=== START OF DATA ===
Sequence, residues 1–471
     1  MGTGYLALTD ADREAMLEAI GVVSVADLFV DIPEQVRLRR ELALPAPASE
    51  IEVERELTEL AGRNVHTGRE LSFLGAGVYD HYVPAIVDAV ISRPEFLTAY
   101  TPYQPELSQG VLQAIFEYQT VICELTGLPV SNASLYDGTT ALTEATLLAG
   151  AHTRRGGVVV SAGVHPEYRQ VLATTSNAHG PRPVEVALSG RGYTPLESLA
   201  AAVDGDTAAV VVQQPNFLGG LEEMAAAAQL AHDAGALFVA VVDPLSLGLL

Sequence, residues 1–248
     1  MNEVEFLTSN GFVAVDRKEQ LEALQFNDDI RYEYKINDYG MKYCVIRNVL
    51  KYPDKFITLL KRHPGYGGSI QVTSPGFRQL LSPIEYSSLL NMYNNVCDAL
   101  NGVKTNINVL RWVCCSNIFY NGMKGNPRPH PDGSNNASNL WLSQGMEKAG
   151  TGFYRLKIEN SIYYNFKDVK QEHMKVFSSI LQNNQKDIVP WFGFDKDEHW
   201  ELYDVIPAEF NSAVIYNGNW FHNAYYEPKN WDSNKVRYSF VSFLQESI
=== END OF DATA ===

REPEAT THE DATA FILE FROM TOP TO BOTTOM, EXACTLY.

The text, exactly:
Sequence, residues 1–471
     1  MGTGYLALTD ADREAMLEAI GVVSVADLFV DIPEQVRLRR ELALPAPASE
    51  IEVERELTEL AGRNVHTGRE LSFLGAGVYD HYVPAIVDAV ISRPEFLTAY
   101  TPYQPELSQG VLQAIFEYQT VICELTGLPV SNASLYDGTT ALTEATLLAG
   151  AHTRRGGVVV SAGVHPEYRQ VLATTSNAHG PRPVEVALSG RGYTPLESLA
   201  AAVDGDTAAV VVQQPNFLGG LEEMAAAAQL AHDAGALFVA VVDPLSLGLL

Sequence, residues 1–248
     1  MNEVEFLTSN GFVAVDRKEQ LEALQFNDDI RYEYKINDYG MKYCVIRNVL
    51  KYPDKFITLL KRHPGYGGSI QVTSPGFRQL LSPIEYSSLL NMYNNVCDAL
   101  NGVKTNINVL RWVCCSNIFY NGMKGNPRPH PDGSNNASNL WLSQGMEKAG
   151  TGFYRLKIEN SIYYNFKDVK QEHMKVFSSI LQNNQKDIVP WFGFDKDEHW
   201  ELYDVIPAEF NSAVIYNGNW FHNAYYEPKN WDSNKVRYSF VSFLQESI